France defends tougher vaccine rules as bookings soar

·3-min read
Over 1.7 million people have booked a jab, most of them under 35, since Macron's speech

The French government defended Tuesday a decision to impose Covid tests for unvaccinated people who want to eat in restaurants or take long-distance trips, as the country looks to avoid a surge in more contagious Delta cases.

President Emmanuel Macron announced the tougher measures Monday, including mandatory vaccinations for healthcare and retirement home workers, prompting a surge in bookings for the jab.

But critics accused the president of discriminating against sceptics or those who will not be fully vaccinated before the "health pass" rules come into effect.

Others say the government is effectively imposing general vaccination by stealth -- the French word for dictatorship, #Dictature, was trending on Twitter.

"There isn't any vaccine obligation, this is maximum inducement," government spokesman Gabriel Attal said.

"I have a hard time understanding, in a country where 11 vaccines are already mandatory... that this could be seen as a dictatorship," he said, adding that after a year of studying the vaccines "the time of doubting is long past."

The rules will be relaxed for teenagers who have only been able to get the jabs since mid-June -- "Making summer hell is out of the question," Attal said.

- Dire projections -

The Delta variant is now causing the majority of the 4,000 to 5,000 new cases per day in France, a figure that could jump to 35,000 by August without new containment measures, the Pasteur Institute warned Monday.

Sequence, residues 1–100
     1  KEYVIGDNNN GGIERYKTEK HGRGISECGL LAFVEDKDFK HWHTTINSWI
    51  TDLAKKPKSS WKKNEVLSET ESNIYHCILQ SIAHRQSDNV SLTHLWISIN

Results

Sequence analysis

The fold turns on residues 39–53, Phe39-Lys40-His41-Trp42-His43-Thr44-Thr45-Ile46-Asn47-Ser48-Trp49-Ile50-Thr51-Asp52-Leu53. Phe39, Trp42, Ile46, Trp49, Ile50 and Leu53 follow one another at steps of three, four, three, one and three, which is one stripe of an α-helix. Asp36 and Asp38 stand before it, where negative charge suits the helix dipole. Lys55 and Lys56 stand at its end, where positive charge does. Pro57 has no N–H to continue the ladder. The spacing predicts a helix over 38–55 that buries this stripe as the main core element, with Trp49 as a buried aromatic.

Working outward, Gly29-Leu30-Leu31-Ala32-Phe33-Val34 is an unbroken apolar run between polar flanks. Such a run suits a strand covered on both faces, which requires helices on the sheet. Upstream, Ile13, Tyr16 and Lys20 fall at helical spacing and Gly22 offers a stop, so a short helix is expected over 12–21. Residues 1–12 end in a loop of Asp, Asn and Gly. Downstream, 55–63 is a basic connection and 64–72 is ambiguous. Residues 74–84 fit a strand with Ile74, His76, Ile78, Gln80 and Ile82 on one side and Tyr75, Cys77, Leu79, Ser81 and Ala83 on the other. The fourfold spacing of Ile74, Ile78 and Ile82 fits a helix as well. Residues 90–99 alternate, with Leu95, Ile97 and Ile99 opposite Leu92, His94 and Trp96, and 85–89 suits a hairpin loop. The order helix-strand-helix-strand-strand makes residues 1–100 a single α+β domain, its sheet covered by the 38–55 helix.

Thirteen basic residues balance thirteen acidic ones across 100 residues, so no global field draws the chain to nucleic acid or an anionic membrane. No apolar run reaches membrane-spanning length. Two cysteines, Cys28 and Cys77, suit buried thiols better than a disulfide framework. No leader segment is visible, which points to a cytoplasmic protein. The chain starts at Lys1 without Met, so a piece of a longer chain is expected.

Macron's speech sparked a record surge in vaccine bookings, with over 1.7 million people getting appointments as of Tuesday afternoon, most of them under 35, according to the head of the Doctolib reservation site.

And Prime Minister Jean Castex announced on Twitter that 792,000 jabs had been administered Tuesday, a new daily record, adding that "this momentum needs to grow and continue in the coming weeks."

Starting July 21, proof of vaccination or a negative test will be needed to go to theatres, cinemas and amusement parks.

From August, anyone wanting to go out to eat or drink, take a long-distance train or visit a shopping centre will need the health pass.

And free Covid tests will end in September to further encourage vaccinations, Macron added in a speech watched by 22 million people.

He also announced mandatory vaccinations for healthcare staff, retirement home workers and others working with vulnerable people from September, in line with similar moves in Greece, Italy and Britain.

Three-fourths (76 percent) of French people support the required vaccines for health workers as well as the travel restrictions, according to an Elabe poll Tuesday, while 58 percent backed the restaurant rule.

- Objections -

But cinema and restaurant owners said they worried the rules will force many patrons to stay away just as they are emerging from months of pandemic closures.

"We're not the police. Lots of my clients are not vaccinated. If they have to have a test and wait 48 hours to have a beer, they're not going to come," one Paris restaurant owner told AFP.

Jocelyn Bouyssy, the head of the CGR Cinemas group, told Franceinfo radio that he was "very angry" about the health pass, which would be difficult to implement and dissuade people from going out to watch a film.

"We're like lambs being led to the slaughter," he said.

But Health Minister Olivier Veran insisted that the health pass was "not a punishment, it's not blackmail."

He said the choice was between accepting the new measures, which primarily affect the unvaccinated, or heading for a fourth lockdown, which would hit the whole country.

"We want to avoid a lockdown at all costs," he told BFM television.

Around 35.5 million people -- just over half of France's population -- have received at least one vaccine dose so far.

At the start of the pandemic, France had some of the highest levels of vaccine scepticism in the developed world.

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